Sins of the Father

Friday Fictioneers 05-16

Photo Copyright – Sandra Crook

The empty church was stuffy. I squirmed in the pew as my bladder griped. I nervously gnawed on a hangnail.

Father appeared looking flushed. He sat beside me and took my hands. He smelled like Mrs. Newton’s perfume.

“Beulah, has your mother ever shared her feelings about me to church outsiders?”

I hesitated. His grip tightened. A tousled Mrs. Newton appeared and left without a glance.

“I won’t lead you astray.” He held out a candy bar. “Good kids tell me when their parents sin. Do you want to be good like the other kids?”

I guiltily took the bait. “Yes, Father.”

I’m sure most of you know the story of Jim Jones and The People’s Temple. Allegedly, one of the ways Jones controlled his followers was to coerce them to inform on each other. He used the children to inform on their parents and in return rewarded them. It’s said that he also made sexual advances to members. You can read more about it at

My story is a work of fiction and in no way portrays any actual persons, living or dead, or events. I merely used the history of Jim Jones and The People’s Temple as inspiration.

Be sure to read the other stories for the Friday Fictioneers photo prompt. Thanks to Rochelle for being such a tireless host. (P.S. I’m two words over the 100-word limit. So sorry!)


35 thoughts on “Sins of the Father

  1. Dear Lisa, This sent chills up my spine! Very well done! I remember vividly, Jim Jones and his mass suicide followers – he was so creepy – where in the world is the hole that these people crawl out of? Creepy – but well written! Nan 🙂

    • Thanks, Nan. I don’t know how people get so wrapped up in situations like that. The desperate need to fit in, at all costs, maybe. It’s sad to let someone like that control you so fully. But with a child, it’s different. They want to trust and should expect the people that supposedly care about them to protect them, not use them.

  2. This made my skin crawl (that’s a good thing!). I was telling my children recently about a priest in my parish who used to give Easter Eggs to children who attended daily Mass during Lent. We would all have to sit in the front rows on display for everyone to see how devoted we were – the older Mass-goers didn’t about the chocolate! Fortunately for us that was as far as it went with this particular priest – not everyone was so lucky. Too many people in Ireland have ended up with a lifetime of guilt because of sexual abuse within the church.and even now the victims are often made feel guilty for tarnishing the reputation of the church.

    • Thanks, Siobhan. It’s scary how much abuse is out there in the one place that people should feel safe. It angers me that the victim is often blamed for tarnishing the church’s reputation. Just appalling!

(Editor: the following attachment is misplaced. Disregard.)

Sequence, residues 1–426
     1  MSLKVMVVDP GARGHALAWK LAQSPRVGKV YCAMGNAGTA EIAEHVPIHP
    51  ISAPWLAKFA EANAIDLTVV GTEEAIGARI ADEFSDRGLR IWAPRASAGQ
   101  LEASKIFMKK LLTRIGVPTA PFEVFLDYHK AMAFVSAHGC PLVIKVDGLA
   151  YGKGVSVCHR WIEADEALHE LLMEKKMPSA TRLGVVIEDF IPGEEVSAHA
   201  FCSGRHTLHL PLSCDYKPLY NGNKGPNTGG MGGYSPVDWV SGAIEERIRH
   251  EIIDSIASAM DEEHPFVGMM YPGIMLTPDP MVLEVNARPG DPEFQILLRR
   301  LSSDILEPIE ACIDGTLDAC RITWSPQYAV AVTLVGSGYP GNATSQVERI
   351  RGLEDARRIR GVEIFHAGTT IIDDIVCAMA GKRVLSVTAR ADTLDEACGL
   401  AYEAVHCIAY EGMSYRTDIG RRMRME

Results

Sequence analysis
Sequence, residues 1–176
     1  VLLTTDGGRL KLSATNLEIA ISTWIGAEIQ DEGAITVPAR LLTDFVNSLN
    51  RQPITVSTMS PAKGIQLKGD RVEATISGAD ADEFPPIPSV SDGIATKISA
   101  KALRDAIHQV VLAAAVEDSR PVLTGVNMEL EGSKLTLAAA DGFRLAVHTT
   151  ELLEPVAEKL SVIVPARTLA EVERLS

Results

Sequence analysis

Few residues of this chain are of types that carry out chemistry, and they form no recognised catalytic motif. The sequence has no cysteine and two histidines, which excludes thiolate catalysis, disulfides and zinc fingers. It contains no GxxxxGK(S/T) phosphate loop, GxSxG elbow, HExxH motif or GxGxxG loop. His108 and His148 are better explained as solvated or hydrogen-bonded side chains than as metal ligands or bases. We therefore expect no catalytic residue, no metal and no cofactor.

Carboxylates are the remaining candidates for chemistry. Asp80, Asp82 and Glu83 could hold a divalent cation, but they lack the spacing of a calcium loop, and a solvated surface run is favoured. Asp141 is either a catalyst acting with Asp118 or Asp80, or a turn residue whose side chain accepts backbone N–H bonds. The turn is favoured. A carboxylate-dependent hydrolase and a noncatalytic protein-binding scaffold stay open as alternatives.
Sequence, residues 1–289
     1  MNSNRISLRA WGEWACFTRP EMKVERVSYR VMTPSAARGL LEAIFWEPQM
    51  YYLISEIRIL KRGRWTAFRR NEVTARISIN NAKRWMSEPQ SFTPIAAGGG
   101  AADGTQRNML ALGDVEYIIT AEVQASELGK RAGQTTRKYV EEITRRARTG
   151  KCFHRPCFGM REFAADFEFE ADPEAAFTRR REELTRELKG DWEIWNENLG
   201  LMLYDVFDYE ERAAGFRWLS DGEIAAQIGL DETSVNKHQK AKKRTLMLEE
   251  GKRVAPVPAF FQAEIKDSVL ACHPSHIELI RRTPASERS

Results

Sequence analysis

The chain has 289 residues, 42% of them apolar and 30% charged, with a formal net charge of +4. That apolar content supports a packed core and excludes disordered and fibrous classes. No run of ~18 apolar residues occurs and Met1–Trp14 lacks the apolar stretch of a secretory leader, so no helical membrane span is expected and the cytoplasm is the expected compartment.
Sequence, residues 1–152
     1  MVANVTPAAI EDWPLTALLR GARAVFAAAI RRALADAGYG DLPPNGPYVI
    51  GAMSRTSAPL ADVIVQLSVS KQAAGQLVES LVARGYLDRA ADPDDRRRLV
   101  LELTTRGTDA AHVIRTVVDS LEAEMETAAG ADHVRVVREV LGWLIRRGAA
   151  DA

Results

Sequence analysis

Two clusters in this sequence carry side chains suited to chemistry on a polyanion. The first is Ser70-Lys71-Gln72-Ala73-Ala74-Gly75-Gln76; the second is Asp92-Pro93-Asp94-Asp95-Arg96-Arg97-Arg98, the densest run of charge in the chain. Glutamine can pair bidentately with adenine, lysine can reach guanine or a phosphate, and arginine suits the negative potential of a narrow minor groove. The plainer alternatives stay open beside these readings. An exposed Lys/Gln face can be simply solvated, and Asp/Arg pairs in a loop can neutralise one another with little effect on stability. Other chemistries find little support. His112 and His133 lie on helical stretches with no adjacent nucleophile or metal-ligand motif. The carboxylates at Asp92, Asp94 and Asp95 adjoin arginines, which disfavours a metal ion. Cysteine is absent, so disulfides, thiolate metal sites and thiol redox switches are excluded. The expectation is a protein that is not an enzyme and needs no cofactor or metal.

• Thanks, Patrick. The link is just a PBS timeline of the history of Jim Jones. It’s mostly what we all have heard many times, but I didn’t remember reading about him using children to spy and gather info on possible defectors before this article. I don’t blame you for not reading it.

    • Thanks, Rochelle. I remembered your story before I wrote this one. I tried to write about a different subject so I didn’t just end up rewriting your story. I read several articles about people similar to Jim Jones, but when I read about using the children as a way to spy, I knew that was my story. I agree about the reference to “father.” I think that gives it a really creepy feel.

  3. Lisa, There are always vulnerable people to be taken advantage of, especially children. I warned my children when they were young to be careful and report to me if anyone tried to do something that made them uncomfortable. My mother had warned me also. These sick and perverted people have a way of getting into positions where they’re near the vulnerable. Good, well-written story. 🙂 —Susan

    • Thanks so much, Susan. It is scary to think how easily one could fall into a situation like that, unable to make the right decision. I like to think that I would not fall prey to a person like that, but the truth is we are all vulnerable at some point in our life. Children in particular are easy targets because they are so eager to please.

    • Thanks, Amy. I thought of the old warning to not taking candy from strangers, but no one ever tells a child not to take candy from a supposed “friend.” Can you ever really prepare a child for a situation like that? It is awful.

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